June 21, 2024

By Sicheng Zhou (G11, 2024)

Although consensus sometimes can be helpful for researchers to avoid spending too much time on examining the existing sciences, people can use scientific theory as references while questioning their truthfulness. Because scientific consensus isn’t equal to the truth, they can easily become tools for
politics or economics, and they are in nature opposed to the essence of science-the rigorous process of examination and people’s independent thinking, blindly trusting scientific consensus disadvantages human society after all.

First, I think the consensus among scientists is not necessarily correct.

For example, geocentrism, the idea that earth occupies the central position of the world system, was overturned by heliocentrism, the theory that earth orbits the sun. Another example is the aether theory, which believes the existence of a space-filling substance as a transmission medium for the propagation of electromagnetic or gravitational forces, is overthrown by relativity. When theories are overthrown, there are great revolutions happening. Heliocentrism dramatically altered the scientific perspective of how we view our world, while relativity improved the science of elementary particles and their fundamental reactions. Therefore, no matter how long a consensus has been held, and how obviously true it seems, the consensus is not necessarily correct.

Science requires humility.

However, consensus makes science arrogant. When people make scientific inquiries, they must find evidence to prove every result. They must make sure the scientific methods they use in investigations and experiments are perfect. However, a scientific consensus itself is an unsupported assumption which assumes things without evidence. The only evidence that a consensus has is that it is a consensus believed by many people. Therefore, the nature of a consensus is itself contradicting the spirit of science.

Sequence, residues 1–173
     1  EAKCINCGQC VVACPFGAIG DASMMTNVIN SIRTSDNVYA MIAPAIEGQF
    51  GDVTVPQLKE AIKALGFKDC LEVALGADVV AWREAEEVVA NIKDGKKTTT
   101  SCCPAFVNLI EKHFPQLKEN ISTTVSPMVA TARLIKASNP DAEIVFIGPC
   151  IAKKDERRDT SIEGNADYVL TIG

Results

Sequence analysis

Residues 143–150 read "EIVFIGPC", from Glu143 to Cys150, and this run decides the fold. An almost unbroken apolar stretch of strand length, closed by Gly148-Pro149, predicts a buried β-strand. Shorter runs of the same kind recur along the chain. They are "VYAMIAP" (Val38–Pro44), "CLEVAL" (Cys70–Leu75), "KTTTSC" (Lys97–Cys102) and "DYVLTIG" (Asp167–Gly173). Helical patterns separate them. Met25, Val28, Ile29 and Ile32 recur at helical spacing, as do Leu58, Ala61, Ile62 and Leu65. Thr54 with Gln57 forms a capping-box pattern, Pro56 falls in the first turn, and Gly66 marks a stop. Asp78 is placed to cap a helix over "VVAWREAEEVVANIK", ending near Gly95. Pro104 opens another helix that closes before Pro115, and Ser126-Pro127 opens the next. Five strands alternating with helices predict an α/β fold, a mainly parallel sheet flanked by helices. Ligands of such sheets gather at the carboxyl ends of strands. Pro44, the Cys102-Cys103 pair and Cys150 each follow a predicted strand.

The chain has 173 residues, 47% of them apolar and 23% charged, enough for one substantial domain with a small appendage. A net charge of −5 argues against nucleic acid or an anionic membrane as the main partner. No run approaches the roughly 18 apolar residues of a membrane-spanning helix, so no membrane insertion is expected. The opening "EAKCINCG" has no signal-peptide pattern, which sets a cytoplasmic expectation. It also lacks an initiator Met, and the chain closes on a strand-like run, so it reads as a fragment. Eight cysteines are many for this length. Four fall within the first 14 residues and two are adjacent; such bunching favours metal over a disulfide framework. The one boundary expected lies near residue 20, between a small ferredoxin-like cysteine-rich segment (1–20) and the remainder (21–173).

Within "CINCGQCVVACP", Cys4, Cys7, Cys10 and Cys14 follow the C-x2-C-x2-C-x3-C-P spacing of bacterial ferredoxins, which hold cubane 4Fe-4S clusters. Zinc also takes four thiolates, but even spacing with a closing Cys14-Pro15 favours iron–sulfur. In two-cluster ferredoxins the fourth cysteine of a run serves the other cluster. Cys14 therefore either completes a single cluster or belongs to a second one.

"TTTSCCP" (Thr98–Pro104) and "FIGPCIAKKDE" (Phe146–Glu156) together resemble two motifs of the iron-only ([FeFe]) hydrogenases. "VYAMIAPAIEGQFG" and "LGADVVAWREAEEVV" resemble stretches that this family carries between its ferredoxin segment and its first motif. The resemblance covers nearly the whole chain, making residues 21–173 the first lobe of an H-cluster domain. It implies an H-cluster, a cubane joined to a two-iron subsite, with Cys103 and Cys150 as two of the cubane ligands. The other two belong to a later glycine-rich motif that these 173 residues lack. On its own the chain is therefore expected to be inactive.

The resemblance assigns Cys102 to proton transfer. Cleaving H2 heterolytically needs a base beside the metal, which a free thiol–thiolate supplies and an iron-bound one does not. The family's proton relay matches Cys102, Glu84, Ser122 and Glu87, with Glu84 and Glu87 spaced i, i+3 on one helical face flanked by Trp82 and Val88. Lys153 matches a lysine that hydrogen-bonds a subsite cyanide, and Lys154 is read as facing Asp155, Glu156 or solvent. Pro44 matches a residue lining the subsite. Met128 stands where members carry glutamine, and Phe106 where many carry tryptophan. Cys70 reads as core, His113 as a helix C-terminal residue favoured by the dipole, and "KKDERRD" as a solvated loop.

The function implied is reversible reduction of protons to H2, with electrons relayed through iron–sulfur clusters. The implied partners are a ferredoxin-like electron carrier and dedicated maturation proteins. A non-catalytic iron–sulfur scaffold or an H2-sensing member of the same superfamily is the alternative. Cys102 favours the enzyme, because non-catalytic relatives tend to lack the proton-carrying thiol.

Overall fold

Sciences are easily affected by external influences, like politics and economics.

For example, if a political figure wants to persuade people that his policies are correct, he needs scientific support in medicine. He forces a group of famous scientists to prove that certain diseases are not very disastrous. The scientists do find evidence, but they may not be the sufficient support for the policies. However, under political pressure, the scientists publish a report about a made-up theory. Given the reputation of the scientists, people are easily convinced by the truth of the theory. If other researchers trust that consensus, there is no chance that the theory will be furtherly tested. For example, Soviet pseudo-scientist Trofim Lysenko insisted upon Lamarckism, which states that offspring inherit acquired traits from their parents. Although this belief was challenged by many scientists, because Lysenko’s interpreted it as favoring the ideologies of Soviet Socialism, the Soviet persecuted the scientists holding the true theory and Lysenko’s theory became the mainstream doctrine in the Soviet Union. As a consequence, the Soviet Union’s genetics science fell behind the world by two generations.

Economics plays the same role with politics.

Given huge incentives, scientists would rather find partial evidence to support the healthiness of a food product or the effectiveness of a drug. Thus, scientific consensus can be fabricated under the influence of politics and economics, which will lead to the stagnation of scientific development.

Trusting scientific consensus will make researchers think in the box, not outside it, where most great discoveries are made. It stops researchers from questioning existing scientific theories. If a consensus is accepted by the scientific community, then researchers can grab it and follow it blindly in one’s
research without understanding its meaning. Scientific consensus limits the independent thinking of researchers, which is the only way to update our biased views. In fact, humans’ understanding of the world keeps changing.

What if science changes a lot after a hundred years?

Won’t people after a hundred years view us stupid for holding wrong scientific consensus? Ultimately, science is a human activity, and humans are not perfect. Humans make mistakes inevitably, so we shouldn’t assume science is perfect.
Therefore, we shouldn’t believe in scientific consensus.